The patients were required to fulfill all 4 criteria to make the diagnosis of NTG.
All the patients in NTG group had at least 5 visual field tests and the participants in the control group had two visual field tests before the recruitment to the study. Both NTG patients and the controls and all the visual fields were reviewed by two glaucoma specialists and one neuro-ophthalmologist who were masked to the diagnosis of the subjects.
For NTG patients; mean IOP was 16.2 ± 2.4 mmHg and mean c/d ratio was 0.548 ± 0.135 . The Mean deviation value and pattern standard deviation value of the patients’ visual fields were found to be -5.1 ± 3.2 and 5.6 ± 2.7 decibels, respectively. Three (12.5%) of 24 NTG patients had disc haemorrhages during the diagnosis. On the other hand, mean IOP was 11.6 ± 1.8 mmHg and mean c/d ratio was 0.365 ± 0.092 for the controls. There were no field defects in the visual field tests of controls.
Participants underwent overnight PSG recordings in two sleep laboratories. Sleep was continuously recorded on a computerized system (Grass Technologies, West Warwick, Rhode Island, USA) scored in 30-sec epochs according to American Academy of Sleep Medicine (AASM) standardized criteria . Apnea during sleep was defined as cessation of airflow (90% fall in the amplitude of airflow signal compared to the baseline airflow) lasting at least 10 seconds. Hypopnea was defined as a 50% or greater fall in airflow lasting ten or more seconds associated with a 3% or greater fall in oxygen saturation from baseline. The apnea–hypopnea index (AHI) was calculated using the total number of respiratory events (apneas and hypopneas) per hour sleep . Subjects with an AHI ≥20 were regarded as having OSAS.
Means were compared by Student’s t test or Mann-Whitney U test. Prevalence of OSAS in patients with NTG was compared with the matched controls by using Fisher exact test. Comparison of the clinical and polysomnographic characteristics of the patients with NTG and matched controls was performed by using the unpaired t test or Fisher exact test. SSPS version 17.0 for Windows (SSPS Inc., Chicago, Illinois, USA) was used for statistical analysis. Significance was accepted for p < 0.05.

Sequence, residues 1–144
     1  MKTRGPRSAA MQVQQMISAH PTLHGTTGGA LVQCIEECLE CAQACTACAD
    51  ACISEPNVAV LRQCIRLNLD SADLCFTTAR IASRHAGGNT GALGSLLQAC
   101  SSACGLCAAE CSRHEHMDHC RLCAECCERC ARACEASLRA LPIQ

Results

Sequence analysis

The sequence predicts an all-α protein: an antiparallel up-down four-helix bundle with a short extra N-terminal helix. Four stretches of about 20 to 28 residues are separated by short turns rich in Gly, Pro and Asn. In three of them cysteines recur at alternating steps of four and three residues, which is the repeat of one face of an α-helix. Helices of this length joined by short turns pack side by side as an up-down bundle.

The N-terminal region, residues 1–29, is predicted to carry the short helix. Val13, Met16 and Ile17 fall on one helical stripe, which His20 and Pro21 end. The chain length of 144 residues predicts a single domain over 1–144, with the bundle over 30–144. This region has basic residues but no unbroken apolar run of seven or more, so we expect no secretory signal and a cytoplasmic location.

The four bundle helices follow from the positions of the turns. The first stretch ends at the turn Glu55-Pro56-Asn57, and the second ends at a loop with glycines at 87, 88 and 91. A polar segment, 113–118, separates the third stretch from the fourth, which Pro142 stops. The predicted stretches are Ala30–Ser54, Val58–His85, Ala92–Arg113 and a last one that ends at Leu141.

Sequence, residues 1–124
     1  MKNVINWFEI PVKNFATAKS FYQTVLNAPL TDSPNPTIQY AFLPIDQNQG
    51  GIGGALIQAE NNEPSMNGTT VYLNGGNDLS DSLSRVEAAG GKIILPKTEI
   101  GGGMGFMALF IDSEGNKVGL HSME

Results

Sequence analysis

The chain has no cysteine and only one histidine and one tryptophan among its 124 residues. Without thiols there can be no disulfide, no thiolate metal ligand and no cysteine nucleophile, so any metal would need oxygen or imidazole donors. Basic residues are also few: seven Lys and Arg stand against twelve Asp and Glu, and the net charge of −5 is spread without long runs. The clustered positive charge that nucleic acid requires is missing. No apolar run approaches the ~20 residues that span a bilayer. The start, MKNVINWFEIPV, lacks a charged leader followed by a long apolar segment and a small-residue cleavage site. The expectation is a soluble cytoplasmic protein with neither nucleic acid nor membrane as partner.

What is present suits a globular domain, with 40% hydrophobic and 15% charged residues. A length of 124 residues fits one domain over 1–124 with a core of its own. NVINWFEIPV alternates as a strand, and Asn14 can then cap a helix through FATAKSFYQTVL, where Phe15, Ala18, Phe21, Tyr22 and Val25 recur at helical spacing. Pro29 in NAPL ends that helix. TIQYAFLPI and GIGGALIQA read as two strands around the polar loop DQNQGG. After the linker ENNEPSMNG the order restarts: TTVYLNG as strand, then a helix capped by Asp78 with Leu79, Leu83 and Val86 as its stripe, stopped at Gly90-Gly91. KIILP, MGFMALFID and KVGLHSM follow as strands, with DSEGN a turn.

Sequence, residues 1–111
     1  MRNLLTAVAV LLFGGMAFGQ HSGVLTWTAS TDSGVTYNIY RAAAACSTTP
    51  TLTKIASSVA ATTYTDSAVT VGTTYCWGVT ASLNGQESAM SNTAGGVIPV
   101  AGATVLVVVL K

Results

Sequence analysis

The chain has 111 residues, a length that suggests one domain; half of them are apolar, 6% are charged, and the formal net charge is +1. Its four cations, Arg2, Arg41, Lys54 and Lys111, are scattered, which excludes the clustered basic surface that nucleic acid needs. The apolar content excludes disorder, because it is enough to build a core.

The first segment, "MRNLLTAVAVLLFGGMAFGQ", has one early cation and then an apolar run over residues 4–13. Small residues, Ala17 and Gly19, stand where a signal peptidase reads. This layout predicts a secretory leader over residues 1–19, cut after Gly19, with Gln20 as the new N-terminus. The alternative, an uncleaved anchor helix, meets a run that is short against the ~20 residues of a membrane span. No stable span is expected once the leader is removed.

Mean age of the patients with NTG and matched controls were 66.7 ± 10.2 and 67.2 ± 11.6 years, respectively. There were no statistically significant differences with regard to age, gender, systemic risk factors, smoking, neck circumference and body-mass index (BMI) between the two groups (p > 0.05). This data is summarized in Tables 1, 2.
Ten (41.7%) of 24 patients with NTG and 3 (12.5%) of 24 subjects in the control group met criteria for OSAS (AHI ≥ 20); the difference was statistically significant (p < 0.05, Fisher exact test). Relative risk for sleep apnea in NTG patients was 3.34 compared to subjects in the control group.
All of the 10 patients who were diagnosed with OSAS in our study started treatment in sleep disorder clinics.
Although the pathogenesis of NTG remains uncertain, the bulk of evidence points to a chronic progressive ischemic disorder with hypoperfusion of the optic nerve head as a mechanism of the disorder (3). On the other hand, intermittent upper airway obstructions in OSAS during sleep would cause hypoxia with subsequent decrease in PaO2 and increase in PaCO2. The episodic vascular insufficiency may compromise optic nerve perfusion and oxygenation and subsequently cause optic neuropathy . Sergi et al.  reported that the decrease in RNFL thickness correlated with the severity of OSAS. Kargi et al.  measured the RNFL with a scanning laser polarimeter and found that retinal nerve fiber layer (RNLF) thickness was reduced in patients with OSAS. They suggested that decreased ocular perfusion related to hypoxia and vasospasm associated with OSAS may cause RNFL thinning.
A further support for the relationship between NTG and OSAS was reported by Kremmer et al. who demonstrated a positive influence of OSAS therapy with nasal continuous positive airways pressure (nCPAP) ventilation on both disease courses .